6 Biggest Myths of Life Insurance

Life insurance may be one of the most important financial products we can buy in our lifetime, and we need to understand the details. Yet, there are numerous misconceptions around that can cloud our understanding of this type of insurance. The six biggest myths of life insurance are:

Everybody Needs Life Insurance

Not everyone needs life insurance, although it is a good idea for the majority of people. If you do not have any dependents, have an income high enough to pay off your debts after your death and for your final expenses, and you do not wish to leave any money to a charitable cause, you may not need life insurance. Business owners who have enough assets to cover their interests in the business so their business partners do not sink also do not require life insurance. If you have dependents at home that will need to be cared for after your death, such as minor children, a spouse, or aging parent, life insurance is a financial product you should look into.

Only the Major Financial Contributor Needs Life Insurance

While the loss of the major breadwinner in a household will cause financial upheaval, the homemaker also provides invaluable contributions to a family. If something happens to the person who does the cleaning and the childcare, replacement services will have to be obtained and can be expensive. If the homemaker is covered with life insurance, the costs of hiring these alternate caregivers will be easier to navigate.

Employer Sponsored Life Insurance Coverage is Enough

Most life insurance policies offered through an employer are term life policies that may provide adequate benefits in the event of your death. However, if you ever leave that job, you will not have access to that policy any longer. If this is the only insurance coverage you have, you could find yourself stuck paying a higher premium for insurance if you wait until you are older or when your health decreases to get another policy.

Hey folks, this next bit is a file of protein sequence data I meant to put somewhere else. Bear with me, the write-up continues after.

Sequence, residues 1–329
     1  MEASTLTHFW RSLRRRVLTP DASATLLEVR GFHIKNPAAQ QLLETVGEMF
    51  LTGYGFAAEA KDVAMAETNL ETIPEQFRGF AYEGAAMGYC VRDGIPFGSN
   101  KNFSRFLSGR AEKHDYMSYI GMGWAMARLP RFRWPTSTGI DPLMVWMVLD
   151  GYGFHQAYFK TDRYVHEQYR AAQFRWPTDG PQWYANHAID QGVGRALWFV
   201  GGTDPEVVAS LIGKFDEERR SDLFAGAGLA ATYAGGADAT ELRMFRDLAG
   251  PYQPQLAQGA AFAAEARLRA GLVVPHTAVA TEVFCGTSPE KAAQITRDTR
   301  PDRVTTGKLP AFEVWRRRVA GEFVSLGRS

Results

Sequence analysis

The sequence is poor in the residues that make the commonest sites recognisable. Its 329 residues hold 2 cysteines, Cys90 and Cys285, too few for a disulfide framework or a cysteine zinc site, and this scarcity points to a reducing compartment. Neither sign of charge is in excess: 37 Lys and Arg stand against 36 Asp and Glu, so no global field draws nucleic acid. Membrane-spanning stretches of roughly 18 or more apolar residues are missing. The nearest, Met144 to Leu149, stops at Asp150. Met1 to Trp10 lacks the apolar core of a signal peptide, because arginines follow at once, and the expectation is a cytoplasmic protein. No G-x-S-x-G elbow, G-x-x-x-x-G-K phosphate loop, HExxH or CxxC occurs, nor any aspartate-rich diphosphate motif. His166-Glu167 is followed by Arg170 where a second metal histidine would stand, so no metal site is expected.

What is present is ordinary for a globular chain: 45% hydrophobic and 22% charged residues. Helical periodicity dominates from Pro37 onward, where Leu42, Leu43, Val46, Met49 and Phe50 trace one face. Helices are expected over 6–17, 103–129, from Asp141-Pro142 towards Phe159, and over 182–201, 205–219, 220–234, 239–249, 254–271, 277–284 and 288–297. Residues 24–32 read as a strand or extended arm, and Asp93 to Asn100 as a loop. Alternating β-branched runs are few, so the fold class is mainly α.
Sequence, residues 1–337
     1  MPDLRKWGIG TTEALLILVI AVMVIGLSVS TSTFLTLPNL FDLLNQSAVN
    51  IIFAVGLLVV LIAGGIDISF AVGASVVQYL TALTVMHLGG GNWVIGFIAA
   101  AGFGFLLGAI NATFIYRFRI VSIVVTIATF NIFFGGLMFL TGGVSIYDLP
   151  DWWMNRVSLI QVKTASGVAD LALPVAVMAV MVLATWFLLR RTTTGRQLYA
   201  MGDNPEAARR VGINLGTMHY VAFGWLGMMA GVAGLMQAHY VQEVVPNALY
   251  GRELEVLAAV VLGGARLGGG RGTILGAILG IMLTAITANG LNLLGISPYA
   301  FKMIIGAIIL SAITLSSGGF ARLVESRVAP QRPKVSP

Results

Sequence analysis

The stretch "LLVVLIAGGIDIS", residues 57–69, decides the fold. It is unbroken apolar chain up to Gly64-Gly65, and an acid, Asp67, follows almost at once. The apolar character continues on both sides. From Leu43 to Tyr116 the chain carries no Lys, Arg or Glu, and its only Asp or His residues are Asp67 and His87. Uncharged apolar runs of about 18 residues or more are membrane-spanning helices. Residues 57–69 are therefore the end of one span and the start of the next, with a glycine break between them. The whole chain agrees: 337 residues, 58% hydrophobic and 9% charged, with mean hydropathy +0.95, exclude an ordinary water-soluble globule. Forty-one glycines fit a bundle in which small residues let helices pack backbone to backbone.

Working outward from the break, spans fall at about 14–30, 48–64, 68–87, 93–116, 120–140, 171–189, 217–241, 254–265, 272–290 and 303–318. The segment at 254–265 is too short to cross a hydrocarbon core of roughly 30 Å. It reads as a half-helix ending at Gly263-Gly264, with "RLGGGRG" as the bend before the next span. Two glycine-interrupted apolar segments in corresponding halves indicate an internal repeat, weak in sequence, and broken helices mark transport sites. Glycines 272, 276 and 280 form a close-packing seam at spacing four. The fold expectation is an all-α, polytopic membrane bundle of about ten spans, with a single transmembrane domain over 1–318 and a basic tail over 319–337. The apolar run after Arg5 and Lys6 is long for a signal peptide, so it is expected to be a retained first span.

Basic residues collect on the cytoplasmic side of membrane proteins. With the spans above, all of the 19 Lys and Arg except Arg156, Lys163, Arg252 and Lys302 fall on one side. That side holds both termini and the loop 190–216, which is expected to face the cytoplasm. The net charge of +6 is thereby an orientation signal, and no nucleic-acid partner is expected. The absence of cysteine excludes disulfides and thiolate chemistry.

Life Insurance Policies do not Need to be Maintained

Life insurance is not a product you purchase and just forget about. Just as other financial products you maintain, you should keep in touch with the performance of your policy. Every few years or so, check to see if you can get the same coverage for less. Also, keep your beneficiaries and covered dependents current, making the appropriate changes after marriages, divorces, births, and adoptions.

Term Life Insurance is Better Than Whole Life Insurance

A person’s specific situation will determine whether term or whole life insurance is better for them. For instance, a person who has a limited amount of money to contribute to an insurance policy could probably benefit more from a term life insurance policy; especially if when the term expires they might still be relatively young and able to renew the policy for a reasonable amount.

Whole life insurance is more expensive because it has an investment portion built into the premium cost. Individuals who may have a difficult time qualifying for life insurance if they have to perform another medical exam down the road may be better covered with a whole life insurance policy where they are guaranteed lifetime benefits if they keep up the premiums.

Benefits Must Cover a Lifetime of Income

The exact amount of life insurance needed by any person is individual and should be examined on a case-by-case basis. Life insurance should provide a death benefit that can cover the final expenses of the insured and also any outstanding debt that they will have at the time of their death that their dependents will be responsible for. For example, if you have an outstanding mortgage, you may want to make sure your life insurance policy can cover this. Another component to how much insurance to carry depends on whether or not there are minor children or other dependents that will survive you and how much financial support they will need. When you sit down and work out the specifics of these details, you may find that you can carry much less coverage than you originally thought.

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